Emerging roles of osteocytes in skeletal homeostasis and mineral metabolism
Int J Clin Exp Med
Osteocytes constitute 90-95% of total bone cells and are derived from mesenchymal stem cell lineage through osteoblast differentiation. Osteocytes are dispersed throughout the bone matrix and display a dendritic morphology. The cell body of the osteocyte resides within a lacuna whereas the dendritic processes travel through the bone (called canalicular system) to reach the bone marrow. Osteocytes form a network of cells that is thought to mediate the effects of mechanical loading on bone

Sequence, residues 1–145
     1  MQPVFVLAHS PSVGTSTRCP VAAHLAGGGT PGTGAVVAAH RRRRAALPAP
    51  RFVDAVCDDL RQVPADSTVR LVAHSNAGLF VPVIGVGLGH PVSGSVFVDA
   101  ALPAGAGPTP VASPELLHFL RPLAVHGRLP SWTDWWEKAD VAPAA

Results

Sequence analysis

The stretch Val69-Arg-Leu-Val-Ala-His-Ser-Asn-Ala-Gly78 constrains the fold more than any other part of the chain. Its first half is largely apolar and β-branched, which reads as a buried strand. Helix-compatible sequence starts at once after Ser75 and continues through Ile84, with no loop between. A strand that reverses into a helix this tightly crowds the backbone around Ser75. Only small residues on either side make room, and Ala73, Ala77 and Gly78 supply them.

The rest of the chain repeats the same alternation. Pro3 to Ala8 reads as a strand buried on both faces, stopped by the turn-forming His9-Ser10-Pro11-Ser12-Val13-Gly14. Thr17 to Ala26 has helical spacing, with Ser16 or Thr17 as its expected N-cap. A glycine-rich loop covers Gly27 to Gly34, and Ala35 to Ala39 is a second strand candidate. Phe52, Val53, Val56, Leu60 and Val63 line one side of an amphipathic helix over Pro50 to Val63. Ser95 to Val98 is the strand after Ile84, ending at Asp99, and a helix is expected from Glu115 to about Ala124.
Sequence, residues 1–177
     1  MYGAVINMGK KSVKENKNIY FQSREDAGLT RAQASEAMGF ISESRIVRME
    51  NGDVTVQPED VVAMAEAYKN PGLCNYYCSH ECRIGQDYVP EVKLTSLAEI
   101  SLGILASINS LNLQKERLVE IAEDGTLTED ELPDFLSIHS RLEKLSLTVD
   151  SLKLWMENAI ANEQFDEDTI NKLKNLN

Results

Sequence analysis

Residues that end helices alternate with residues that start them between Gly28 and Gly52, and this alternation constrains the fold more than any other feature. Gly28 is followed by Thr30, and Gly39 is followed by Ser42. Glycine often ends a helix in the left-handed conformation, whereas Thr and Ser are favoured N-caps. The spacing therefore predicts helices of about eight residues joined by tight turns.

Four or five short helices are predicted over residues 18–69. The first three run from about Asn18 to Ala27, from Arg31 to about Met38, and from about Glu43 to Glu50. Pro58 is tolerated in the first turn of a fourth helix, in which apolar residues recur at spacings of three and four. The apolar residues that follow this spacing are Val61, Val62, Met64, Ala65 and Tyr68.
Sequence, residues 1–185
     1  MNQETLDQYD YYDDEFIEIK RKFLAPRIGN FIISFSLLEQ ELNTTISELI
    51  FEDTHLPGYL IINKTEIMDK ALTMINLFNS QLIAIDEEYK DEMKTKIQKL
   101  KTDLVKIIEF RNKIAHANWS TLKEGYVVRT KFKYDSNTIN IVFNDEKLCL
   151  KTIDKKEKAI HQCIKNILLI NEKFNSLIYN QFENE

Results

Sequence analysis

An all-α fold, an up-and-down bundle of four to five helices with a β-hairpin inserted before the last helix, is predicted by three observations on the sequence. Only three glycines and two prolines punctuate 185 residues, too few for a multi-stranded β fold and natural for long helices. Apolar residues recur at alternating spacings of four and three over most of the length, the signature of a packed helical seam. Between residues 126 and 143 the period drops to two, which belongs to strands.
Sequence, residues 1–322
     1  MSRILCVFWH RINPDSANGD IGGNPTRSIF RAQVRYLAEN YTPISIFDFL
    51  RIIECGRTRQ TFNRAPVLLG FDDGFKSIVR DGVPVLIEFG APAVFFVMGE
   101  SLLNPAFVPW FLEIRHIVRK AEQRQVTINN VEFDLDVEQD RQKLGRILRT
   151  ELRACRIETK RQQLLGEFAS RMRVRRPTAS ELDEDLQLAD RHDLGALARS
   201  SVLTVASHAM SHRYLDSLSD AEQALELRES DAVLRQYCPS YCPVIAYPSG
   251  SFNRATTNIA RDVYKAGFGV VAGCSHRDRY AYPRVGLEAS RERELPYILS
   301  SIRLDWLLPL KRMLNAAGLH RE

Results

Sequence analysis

... this extensive lacunocanalicular network via the participation of gap junctions/transmembrane channels that connect the cytoplasm of two adjacent osteocytes. The impact of mechanical strains on osteocytes is translated to the generation of signals from osteocytes that are considered critical in the regulation of bone resorption and bone formation, the two key fundamental processes that maintain skeletal homeostasis by bone modeling and remodeling. Activation of wingless tail (Wnt)/β-catenin canonical pathway in osteocytes induces osteogenic effect. On the other hand, osteocytes produce a SOST protein, sclerostin that antagonizes LDL-receptor-related protein-5/6 (LRP5/6)-mediated Wnt signaling and mediates an anti-osteogenic effect. Discovery of sclerostin has led to a neutralization approach wherein humanized monoclonal antibody against sclerostin has been developed to induce osteogenic effect and positioned as a therapy in post-menopausal osteoporosis. Osteocytes also produce fibroblast growth factor-23 (FGF-23) that regulates mineraliza-tion of bone extracellular matrix and mineral metabolism via the regulation of phosphate and vitamin D metabolism. Inactivating mutations of several osteocyte-specific genes cause hereditary hypophosphatemic disorders and min-eralization defects. This review aims to provide recent advances on the functionsof osteocytesin the regulation of bone remodeling and endocrine regulation of phosphate metabolism.